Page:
When the survival plot has a plateau at the tail, we may consider using the mixture cure model [17] for long-term survivors. The mixture cure model assumes the population is composed of a cured proportion and an uncured proportion. For the uncured proportion, the survival function should be zero when time goes to infinity. When checking the goodness-of-fit for cure models, it is important to have an accurate estimate of the survival probability at the tail. The Breslow estimator may not be a good choice as it will never reach zero due to its exponential form. Many researchers of mixture cure models experience convergence problems when they use the Breslow estimator for the survival function of the uncured subpopulation. A commonly used approach to fix this problem is to assign an arbitrarily large value on the last jump size at the tail of the cumulative hazard function so that the Breslow estimator will be sufficiently close to zero [18-20]. However, such a change increases the bias for estimates [21]. Viewing this problem, a solution may be to use the KP estimator to replace the Breslow estimator in the fitting of the mixture cure models. Our preliminary simulation studies show that the KP estimator provides a more accurate estimation of cure rates than the Breslow estimator. These results may be used to check the goodness-of-fit of cure rate models [22,23], which warrants further research.

#### Acknowledgments

Research reported in this paper was supported by the U.S. National Science Foundation grant under award number DMS-1612965 and the National Cancer Institute of th National Institutes of Health under grant numbers U54CA096300, U01CA152958 and 5P50CA100632.

#### References

- Kaplan EL, Meier P (1958) Nonparametric estimation from incomplete observations. Journal of the American Statistical Association 53: 457-481.
- Nelson W (1972) Theory and application of hazard plotting for censored survival data. Biometrics 14: 945-966.
- Aalen O (1978) Nonparametric inference for a family of counting processes. Annals of Statistics 6: 701-726.
- Fleming TR, Harrington DP (1991) Counting Processes and Survival Analysis. John Wiley & Sons, New York, p: 448.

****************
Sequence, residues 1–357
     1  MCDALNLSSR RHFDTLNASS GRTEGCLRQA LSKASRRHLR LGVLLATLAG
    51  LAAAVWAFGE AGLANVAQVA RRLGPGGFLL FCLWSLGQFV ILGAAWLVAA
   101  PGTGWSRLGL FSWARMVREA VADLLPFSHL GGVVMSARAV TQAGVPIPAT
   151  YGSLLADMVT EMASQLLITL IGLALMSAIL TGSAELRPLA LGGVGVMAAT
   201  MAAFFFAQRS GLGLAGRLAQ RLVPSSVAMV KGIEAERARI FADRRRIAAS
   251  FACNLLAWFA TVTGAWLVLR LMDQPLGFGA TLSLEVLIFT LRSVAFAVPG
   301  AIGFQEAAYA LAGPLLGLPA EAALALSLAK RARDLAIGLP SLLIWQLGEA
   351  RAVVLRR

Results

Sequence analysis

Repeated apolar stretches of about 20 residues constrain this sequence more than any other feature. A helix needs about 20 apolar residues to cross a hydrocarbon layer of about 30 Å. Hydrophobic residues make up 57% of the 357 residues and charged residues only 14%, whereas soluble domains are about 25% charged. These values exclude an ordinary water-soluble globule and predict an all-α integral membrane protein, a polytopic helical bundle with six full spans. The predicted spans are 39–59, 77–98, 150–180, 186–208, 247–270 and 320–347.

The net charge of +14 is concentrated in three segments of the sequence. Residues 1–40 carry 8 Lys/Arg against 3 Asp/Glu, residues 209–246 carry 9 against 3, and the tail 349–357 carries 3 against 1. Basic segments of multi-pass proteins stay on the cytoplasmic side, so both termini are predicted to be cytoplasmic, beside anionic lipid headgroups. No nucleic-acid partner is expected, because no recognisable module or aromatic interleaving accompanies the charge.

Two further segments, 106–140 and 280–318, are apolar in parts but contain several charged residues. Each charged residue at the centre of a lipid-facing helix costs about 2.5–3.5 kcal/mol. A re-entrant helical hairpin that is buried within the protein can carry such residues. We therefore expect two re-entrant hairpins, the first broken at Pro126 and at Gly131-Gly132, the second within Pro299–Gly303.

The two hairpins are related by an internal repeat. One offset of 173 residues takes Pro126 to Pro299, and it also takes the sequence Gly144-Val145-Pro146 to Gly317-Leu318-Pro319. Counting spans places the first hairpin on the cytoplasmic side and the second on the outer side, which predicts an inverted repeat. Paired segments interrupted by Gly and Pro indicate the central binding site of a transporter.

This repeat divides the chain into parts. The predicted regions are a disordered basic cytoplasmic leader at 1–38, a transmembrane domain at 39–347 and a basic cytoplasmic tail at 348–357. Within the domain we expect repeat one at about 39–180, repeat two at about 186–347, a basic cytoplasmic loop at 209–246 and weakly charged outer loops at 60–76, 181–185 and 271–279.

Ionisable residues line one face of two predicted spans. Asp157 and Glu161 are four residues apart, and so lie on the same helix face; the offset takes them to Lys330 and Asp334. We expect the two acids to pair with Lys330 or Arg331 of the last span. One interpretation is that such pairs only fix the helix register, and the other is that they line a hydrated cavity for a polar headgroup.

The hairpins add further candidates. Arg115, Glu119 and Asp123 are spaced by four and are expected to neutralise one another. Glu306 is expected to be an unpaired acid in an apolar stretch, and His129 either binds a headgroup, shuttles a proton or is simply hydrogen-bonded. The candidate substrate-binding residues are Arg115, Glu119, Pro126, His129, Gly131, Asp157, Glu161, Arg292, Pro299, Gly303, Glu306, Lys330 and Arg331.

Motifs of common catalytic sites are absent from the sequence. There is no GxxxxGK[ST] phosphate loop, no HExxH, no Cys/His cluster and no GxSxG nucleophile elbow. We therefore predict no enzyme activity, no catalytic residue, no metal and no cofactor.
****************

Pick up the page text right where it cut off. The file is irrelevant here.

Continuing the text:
- Andersen PK, Borgan O, Gill RD, Keiding N (1993) Statistical Models based on Counting Processes. Springer Verlag, New York.
- Bohoris GA (1994) Comparison of the cumulative-hazard and Kaplan-Meier estimators of the survivor function. IEEE Transactions on Reliability 43: 230-232.
- Klein J (1991) Small sample moments of some estimators of the variance of the Kaplan Meier and Nelson-Aalen estimators. Scandinavian Journal of Statistics 18: 333-340.
- Klein JP, Moeschberger ML (1997) Survival Analysis: Techniques for Censored and Truncated Data. Springer Verlag, New York.
- Colosimo E, Ferreira F, Oliveira M, Sousa C (2002) Empirical comparisons between Kaplan-Meier and Nelson-Aalen survival function estimators. Journal of Statistical Computation and Simulation 72: 299-308.
- Cox DR (1972) Regression models and life-tables. Journal of the Royal Statistical Society, Series B 34: 187-220.
- Cox DR (1975) Partial likelihood. Biometrika 62: 269-276.
- Breslow NE (1972) Discussion of Professor Cox’s paper. Journal of the Royal Statistical Society, Series B 34: 216-217.
- Kalbfleisch JD, Prentice RL (1973) Marginal likelihoods based on Cox’s regression and life model. Biometrika 60: 267-278.
- Kalbfleisch JD, Prentice RL (1980) The Statistical Analysis of Failure Time Data. John Wiley & Sons, New York.
- Tsiatis A (1981) A Large Sample Study of the Estimates for the Integrated Hazard Function in Cox’s Regression Model for Survival Data. Annals of Statistics 9: 93-108.
- Huang X, Strawderman RL (2006) A note on the Breslow survival estimator. Journal of Nonparametric Statistics 18: 45-56.
- Boag JW (1949) Maximum likelihood estimates of the proportion of patients cured by cancer therapy. Journal of the Royal Statistical Society, Series B 11: 15-53.
- Sy JP, Taylor JMG (2000) Estimation in a Cox proportional hazards cure model. Biometrics 56: 227-236.
- Zeng D, Yin G, Ibrahim JG (2006) Semiparametric transformation models for survival data with a cure fraction. Journal of the American Statistical Association 101: 670-684.
- Mao M, Wang JL (2010) Semiparametric efficient estimation for a class of generalized pro-portional odds cure models. Journal of the American Statistical Association 105: 302-311.
- Choi S, Huang X, Chen YH (2014) A class of semiparametric transformation models for survival data with a cured proportion. Lifetime Data Analysis 20: 369-386.
- Peng Y, Taylor JMG (30) Mixture cure model with random effects for the analysis of a multicenter tonsil cancer study. Statistics in Medicine 30: 211-223.
- Choi S, Huang X, Cormier JN (2014) Efficient semiparametric mixture inferences on cure rate models for competing risks. Canadian Journal of Statistics 43: 420-435.